The Suns are looking to make some waves not in the lottery this summer, but in the postseason. At 29-20, the Suns are three-and-a-half games out of first place in the Pacific Division and third place in the Western Conference playoff race. In a heated West, the Suns have managed a seventh seed, and seem poised to make it to the playoffs with a comfortable margin between them and the ninth seed.

Rookie head coach Jeff Hornacek has not allowed them to take the year off. Instead, he’s converted guys like Gerald Green and Miles Plumlee, cast-offs of Indiana in the deal that sent Luis Scola to the Pacers, into consistent, stable role players, while also turning Goran Dragic into a bonafide All-Star.

Dragic, owner of 20.1 points and six assist per game averages, is also shooting a career-high 51 percent from the field and 39 percent from beyond the arc. He’s one of only two guards in the NBA to be shooting above 50 percent, with the other being Dwyane Wade, who is aided by being in the league’s top offense.

His PER of 22.1 has him ranked 15th in the league, ahead of the likes of Dwight Howard, Wade and Paul George. His facilitation has the Suns currently ranked eighth in offensive efficiency.

Dragic is obtaining these averages on a team consisting of role players and not much else, especially with Eric Bledsoe having only played 24 games this season and their first-round draft pick of 2013 Alex Len playing in only 20.

Goran and Hornacek have brought out the best in everyone, resulting in an extremely balanced effort. Six players are averaging at least ten points per game, while eight are averaging at least nine. There are also four rotation players shooting at least 37 percent from beyond the arc, led by Channing Frye–returning from missing the entire 2012-13 season–and his 40 percent.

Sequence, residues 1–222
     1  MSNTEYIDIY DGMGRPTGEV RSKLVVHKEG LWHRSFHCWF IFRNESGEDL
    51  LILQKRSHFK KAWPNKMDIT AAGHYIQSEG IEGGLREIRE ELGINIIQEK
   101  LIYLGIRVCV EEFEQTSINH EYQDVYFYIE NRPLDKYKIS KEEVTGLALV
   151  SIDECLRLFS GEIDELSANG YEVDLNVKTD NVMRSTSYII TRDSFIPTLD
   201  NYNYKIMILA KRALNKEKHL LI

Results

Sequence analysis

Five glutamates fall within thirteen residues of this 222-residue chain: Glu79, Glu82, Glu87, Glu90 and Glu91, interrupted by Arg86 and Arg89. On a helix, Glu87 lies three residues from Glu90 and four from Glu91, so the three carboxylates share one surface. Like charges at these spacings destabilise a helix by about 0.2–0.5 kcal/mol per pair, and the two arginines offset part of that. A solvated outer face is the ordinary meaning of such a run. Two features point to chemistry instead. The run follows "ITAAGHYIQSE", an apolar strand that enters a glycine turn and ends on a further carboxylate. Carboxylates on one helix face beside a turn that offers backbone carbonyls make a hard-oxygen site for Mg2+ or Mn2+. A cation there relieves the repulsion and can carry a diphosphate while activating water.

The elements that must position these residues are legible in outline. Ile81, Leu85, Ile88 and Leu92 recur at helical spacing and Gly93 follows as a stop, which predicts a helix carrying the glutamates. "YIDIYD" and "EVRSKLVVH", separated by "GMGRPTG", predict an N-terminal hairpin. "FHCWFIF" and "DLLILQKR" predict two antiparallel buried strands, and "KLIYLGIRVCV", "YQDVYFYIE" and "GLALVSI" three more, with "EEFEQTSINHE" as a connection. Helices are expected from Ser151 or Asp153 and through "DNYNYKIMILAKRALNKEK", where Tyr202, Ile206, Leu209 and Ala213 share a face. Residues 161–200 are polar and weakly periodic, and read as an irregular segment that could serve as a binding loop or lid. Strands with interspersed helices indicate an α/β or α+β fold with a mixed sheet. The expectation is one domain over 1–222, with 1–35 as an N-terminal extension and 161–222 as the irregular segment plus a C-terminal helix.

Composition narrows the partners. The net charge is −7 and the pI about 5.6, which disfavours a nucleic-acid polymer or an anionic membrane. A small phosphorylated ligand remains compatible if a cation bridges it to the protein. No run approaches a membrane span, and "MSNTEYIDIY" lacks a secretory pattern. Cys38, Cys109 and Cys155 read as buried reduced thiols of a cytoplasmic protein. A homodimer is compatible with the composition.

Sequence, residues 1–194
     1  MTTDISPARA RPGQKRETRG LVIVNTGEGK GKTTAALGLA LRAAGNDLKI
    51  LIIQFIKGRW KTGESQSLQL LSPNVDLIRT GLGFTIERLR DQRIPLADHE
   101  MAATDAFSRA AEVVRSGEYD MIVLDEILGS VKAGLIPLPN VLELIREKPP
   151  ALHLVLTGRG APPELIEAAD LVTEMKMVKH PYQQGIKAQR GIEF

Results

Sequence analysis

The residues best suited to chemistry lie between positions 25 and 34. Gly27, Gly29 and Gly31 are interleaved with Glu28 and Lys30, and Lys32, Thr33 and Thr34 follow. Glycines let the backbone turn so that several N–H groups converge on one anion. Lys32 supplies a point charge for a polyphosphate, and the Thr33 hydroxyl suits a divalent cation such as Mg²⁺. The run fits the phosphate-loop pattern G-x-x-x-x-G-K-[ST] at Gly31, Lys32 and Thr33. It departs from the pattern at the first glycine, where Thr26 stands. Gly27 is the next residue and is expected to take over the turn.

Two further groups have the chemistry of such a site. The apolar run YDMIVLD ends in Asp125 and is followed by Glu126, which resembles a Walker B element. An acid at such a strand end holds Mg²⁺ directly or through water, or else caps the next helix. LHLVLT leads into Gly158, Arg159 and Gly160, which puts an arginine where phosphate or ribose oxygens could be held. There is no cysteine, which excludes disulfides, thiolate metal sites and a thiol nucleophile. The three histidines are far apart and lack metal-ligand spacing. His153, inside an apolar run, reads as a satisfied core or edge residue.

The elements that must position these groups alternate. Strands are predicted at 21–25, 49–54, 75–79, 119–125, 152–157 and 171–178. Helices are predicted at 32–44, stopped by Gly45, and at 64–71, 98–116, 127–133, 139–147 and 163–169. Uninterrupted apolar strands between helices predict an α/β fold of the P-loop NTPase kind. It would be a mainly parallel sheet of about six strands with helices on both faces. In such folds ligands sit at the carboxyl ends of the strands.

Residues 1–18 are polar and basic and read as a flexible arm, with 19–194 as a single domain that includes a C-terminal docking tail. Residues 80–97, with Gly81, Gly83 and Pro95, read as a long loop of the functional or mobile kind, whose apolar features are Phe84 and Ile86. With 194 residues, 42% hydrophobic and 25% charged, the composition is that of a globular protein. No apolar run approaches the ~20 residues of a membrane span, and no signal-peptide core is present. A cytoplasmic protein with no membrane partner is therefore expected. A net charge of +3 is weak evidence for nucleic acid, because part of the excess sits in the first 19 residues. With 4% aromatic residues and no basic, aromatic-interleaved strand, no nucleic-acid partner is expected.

The work of Gerald Green and Miles Plumlee cannot go unnoticed. Green played 60 games with the Pacers last year and averaged only seven points on 37 percent shooting, while Plumlee was a rookie who could barely sniff playing time, playing in only 14 games and making a total of five shots all year.

This year, however, has been a completely different story. Plumlee has started all 49 games with the Suns and it’s resulting in the former Duke star averaging 9.3 points, 8.6 rebounds and 1.5 blocks per game. Green, meanwhile, is averaging a career-high 13.7 points and shooting 38 percent from three on over six attempts per.

The Suns are a dangerous team. They have many weapons, nearly all of whom can shoot the ball well from deep, are confident, and contain that dangerous mindset of having so much to gain, but nothing to lose. If higher seeds like Oklahoma City, Portland or the L.A. Clippers aren’t careful, the Suns could put a first-round scare into them.

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  • SweetdickWilly

    Why is there surprise that signing Brandon Jennings wasn’t going to work? While he’s got skill, he just can’t be the guy you have to run your offense. The Bucks learned this, that’s why they let him walk. He’s like one of the dudes you see at any given spot who’s actually the other team’s MVP but thinks he all alone on the team that he’s running into the ground. Signing Josh Smith was a better deal than Jennings. At least Josh is an All-Star talent, despite his faults, who also plays top shelf defense too.

  • Lawanda Jones

    All ticket prices should be reduced by at least 20%

  • capnk

    The kings are losing, but they’re winning more with Gay than they did without him. He’s playing some of the best ball of his career with Sac. Gay and Cousins have missed significant time with injuries since the trade, but when they and Thomas all play the Kings are a .500 team.